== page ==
Bob Mould: "The Descent"


By Maura McAndrew | 13 August 2012

After years of experimentation with different genres (electronica, among others), on “The Descent” Bob Mould is returning to the more rock ’n’ roll, hook-heavy sound that he hasn’t really immersed himself in since Sugar in the mid-‘90s. Perhaps the recent reissue of Sugar’s catalog kickstarted a renaissance. Or perhaps “The Descent” is just a crumb tossed to fans, and the rest of Silver Age will be all drum machines, strings, and vocoders. Either way, this track kicks ass.

“The Descent” begins on an odd note, as Mould sings in his unchanging, nasally staccato way, “I started out so starry-eyed / So full of hope and wonder.” Really, Bob? That… doesn’t seem right. “The Descent” does possess an indefatigable upbeatness, despite ostensibly being about “going down,” hitting bottom, and all things much more comfortably Mould-ian than “hope and wonder.” The song takes flight immediately at the beginning and, contrary to its title, actually seems to reach greater heights as it progresses. This is Hüsker Dü caliber melodic rock, full of soaring hooks and that familiar waltz of a chorus: slow, slow, fast, fast. There’s a hint of desperation, as Mould begs, “Can I try to make it up to you somehow?” and closes out with the refrain, “My world / It is descending,” but a brooding track this is not, really—it’s too much fun.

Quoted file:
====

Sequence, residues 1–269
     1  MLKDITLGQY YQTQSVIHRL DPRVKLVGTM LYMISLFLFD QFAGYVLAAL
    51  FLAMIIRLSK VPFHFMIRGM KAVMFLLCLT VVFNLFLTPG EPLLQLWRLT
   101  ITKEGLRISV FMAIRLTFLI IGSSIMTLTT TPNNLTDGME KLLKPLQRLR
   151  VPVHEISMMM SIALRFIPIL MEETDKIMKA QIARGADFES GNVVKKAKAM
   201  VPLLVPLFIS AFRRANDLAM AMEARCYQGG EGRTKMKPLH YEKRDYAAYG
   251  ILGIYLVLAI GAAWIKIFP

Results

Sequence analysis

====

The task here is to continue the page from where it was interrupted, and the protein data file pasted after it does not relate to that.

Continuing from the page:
No matter what tack Mould takes on Silver Age, “The Descent” is one of the best singles of the year. So it’s time, for now, to kick back and rock out like it’s 1985, or at least 1994.